The Leaving Trains

Favorite Mood Swings: Greatest Hits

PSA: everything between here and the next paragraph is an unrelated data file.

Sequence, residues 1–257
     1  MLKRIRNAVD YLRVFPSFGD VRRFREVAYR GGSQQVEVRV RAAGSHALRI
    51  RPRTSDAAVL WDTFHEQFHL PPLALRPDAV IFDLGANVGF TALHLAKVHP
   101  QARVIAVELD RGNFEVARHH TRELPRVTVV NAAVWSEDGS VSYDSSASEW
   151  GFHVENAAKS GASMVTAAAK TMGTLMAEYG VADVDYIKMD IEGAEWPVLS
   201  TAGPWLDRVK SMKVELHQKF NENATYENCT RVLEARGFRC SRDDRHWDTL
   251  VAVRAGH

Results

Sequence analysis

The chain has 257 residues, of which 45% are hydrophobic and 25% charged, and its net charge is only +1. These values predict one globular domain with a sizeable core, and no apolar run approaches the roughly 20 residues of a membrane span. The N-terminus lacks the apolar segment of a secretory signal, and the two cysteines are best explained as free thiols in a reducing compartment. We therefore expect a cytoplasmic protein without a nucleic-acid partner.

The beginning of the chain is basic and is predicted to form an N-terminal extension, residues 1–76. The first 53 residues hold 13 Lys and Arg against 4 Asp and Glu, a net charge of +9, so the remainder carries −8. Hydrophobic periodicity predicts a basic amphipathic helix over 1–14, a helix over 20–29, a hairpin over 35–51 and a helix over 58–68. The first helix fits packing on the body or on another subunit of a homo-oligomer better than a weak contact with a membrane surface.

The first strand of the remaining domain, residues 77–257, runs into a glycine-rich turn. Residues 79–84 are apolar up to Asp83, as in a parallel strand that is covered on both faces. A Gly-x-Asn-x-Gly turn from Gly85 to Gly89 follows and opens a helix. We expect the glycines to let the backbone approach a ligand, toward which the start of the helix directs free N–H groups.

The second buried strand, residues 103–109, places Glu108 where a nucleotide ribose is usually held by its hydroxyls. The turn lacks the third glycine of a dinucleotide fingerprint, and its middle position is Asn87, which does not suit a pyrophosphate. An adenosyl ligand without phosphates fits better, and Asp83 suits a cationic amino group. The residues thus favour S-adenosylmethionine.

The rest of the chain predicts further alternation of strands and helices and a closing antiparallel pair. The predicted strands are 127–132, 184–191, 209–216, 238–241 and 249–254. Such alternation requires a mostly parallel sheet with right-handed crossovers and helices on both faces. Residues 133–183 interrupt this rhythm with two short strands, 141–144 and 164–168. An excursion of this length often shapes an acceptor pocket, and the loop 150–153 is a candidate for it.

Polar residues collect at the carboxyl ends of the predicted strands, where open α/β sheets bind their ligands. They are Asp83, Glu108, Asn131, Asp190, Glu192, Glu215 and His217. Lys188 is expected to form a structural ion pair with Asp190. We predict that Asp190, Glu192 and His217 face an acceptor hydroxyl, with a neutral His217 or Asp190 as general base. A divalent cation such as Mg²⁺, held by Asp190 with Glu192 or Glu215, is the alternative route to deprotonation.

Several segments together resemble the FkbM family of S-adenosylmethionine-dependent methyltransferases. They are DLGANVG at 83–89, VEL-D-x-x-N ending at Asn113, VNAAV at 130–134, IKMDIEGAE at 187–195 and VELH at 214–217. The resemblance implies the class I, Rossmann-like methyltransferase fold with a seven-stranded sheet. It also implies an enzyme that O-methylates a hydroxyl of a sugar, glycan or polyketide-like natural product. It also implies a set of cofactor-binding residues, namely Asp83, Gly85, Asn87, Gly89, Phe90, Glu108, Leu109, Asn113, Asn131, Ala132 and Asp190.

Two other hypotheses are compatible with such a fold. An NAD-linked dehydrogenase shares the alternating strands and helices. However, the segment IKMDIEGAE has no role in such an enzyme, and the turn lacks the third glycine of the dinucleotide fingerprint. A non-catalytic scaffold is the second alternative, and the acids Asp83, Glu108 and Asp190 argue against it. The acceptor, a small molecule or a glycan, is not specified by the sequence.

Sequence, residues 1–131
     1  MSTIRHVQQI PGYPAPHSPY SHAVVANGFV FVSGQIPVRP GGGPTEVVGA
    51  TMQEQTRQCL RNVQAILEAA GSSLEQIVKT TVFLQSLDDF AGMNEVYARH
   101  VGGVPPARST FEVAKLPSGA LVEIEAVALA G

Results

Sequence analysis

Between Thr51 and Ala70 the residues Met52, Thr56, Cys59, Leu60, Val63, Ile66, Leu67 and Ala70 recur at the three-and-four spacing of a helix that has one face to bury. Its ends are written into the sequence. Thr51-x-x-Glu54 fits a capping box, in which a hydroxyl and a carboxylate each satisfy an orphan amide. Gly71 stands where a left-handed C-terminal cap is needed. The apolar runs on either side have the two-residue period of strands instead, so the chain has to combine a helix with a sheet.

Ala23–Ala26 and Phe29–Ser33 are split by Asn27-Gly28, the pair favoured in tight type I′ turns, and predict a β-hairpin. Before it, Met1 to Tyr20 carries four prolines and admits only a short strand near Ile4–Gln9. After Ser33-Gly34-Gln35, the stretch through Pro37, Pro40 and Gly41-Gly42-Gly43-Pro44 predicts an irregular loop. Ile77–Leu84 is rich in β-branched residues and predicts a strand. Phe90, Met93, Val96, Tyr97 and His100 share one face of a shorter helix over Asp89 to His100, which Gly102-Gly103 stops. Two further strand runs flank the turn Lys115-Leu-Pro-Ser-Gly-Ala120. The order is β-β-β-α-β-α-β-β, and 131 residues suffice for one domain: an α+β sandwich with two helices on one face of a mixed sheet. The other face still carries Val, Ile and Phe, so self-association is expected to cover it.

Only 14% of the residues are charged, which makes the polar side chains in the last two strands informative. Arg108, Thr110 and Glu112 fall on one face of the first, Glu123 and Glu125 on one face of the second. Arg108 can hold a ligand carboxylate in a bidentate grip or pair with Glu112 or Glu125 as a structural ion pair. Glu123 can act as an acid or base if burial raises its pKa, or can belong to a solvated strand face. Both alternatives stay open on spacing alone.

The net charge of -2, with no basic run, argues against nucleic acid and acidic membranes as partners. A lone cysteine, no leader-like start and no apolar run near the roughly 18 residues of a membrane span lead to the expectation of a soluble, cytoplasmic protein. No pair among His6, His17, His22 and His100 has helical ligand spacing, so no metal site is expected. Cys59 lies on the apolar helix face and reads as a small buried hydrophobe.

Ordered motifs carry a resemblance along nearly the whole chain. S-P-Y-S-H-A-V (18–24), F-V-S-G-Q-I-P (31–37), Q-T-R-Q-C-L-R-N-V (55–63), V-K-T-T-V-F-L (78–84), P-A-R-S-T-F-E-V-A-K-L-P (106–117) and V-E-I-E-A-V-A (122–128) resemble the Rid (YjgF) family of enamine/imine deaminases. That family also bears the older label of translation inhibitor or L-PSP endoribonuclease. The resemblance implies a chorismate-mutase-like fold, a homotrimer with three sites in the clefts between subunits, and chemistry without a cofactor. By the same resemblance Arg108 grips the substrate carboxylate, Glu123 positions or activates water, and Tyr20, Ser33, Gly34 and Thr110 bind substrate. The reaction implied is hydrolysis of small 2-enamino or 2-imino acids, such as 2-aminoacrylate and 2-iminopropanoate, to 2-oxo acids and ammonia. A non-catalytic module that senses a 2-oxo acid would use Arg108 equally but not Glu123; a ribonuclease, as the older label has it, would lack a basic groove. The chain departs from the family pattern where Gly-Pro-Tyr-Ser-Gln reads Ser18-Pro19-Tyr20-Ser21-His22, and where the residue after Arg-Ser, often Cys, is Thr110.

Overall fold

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Too many indie bands have never really learned how to rock & roll. Fortunately, for 18 years, L.A.'s Leaving Trains have never forgotten. Not many of their eight LPs have been true masterpieces (there is one for sure: 1986's killer Kill Tunes, which serves up the first four tracks here); Singer/guitarist "Falling" James Moreland, the band's lone constant, always insists on warts-'n'-all, crank-'em-up, let-'em-fly productions. Hey, he was doing that long before it became fashionable (before Sebadoh and GBV even formed), without ever resorting to lo-fi home studio production. Every Trains record has sounded loud, not cheap! So while Moreland can be accused of inconsistency, both in his albums and his myriad lineups, there's no denying that Moreland's untamed, unwieldy, humming punk-'n'-roll records have rumbled through a dozen post-R&B rock & roll styles with real abandon. This collection leaves today's legions of smug and ironic, or (most of all) horribly insular, one-dimensional bands gasping in the restrictive boxes they've nailed themselves into. Thus, now is a good time for a Trains overview -- a smart idea for a hit-and-miss band, too. There's not a boring minute on this extended-length, 25-cut CD. Perhaps a case can be made that two dozen tracks are AWOL, but FMS heads for the songs that smack one silly in adrenaline rush and pent-up pounding. In your face? You betcha! In short, Moreland wants to mess with you, because he thinks rock is a challenge, an incitement, a need to get wild and free, not a polite party or a postmodern reflection. This CD is the best evidence that Leaving Trains would gladly destroy your party instead, with the sheer force of brash, soul, chops, and attitude, and they won't wait around for your gratitude.

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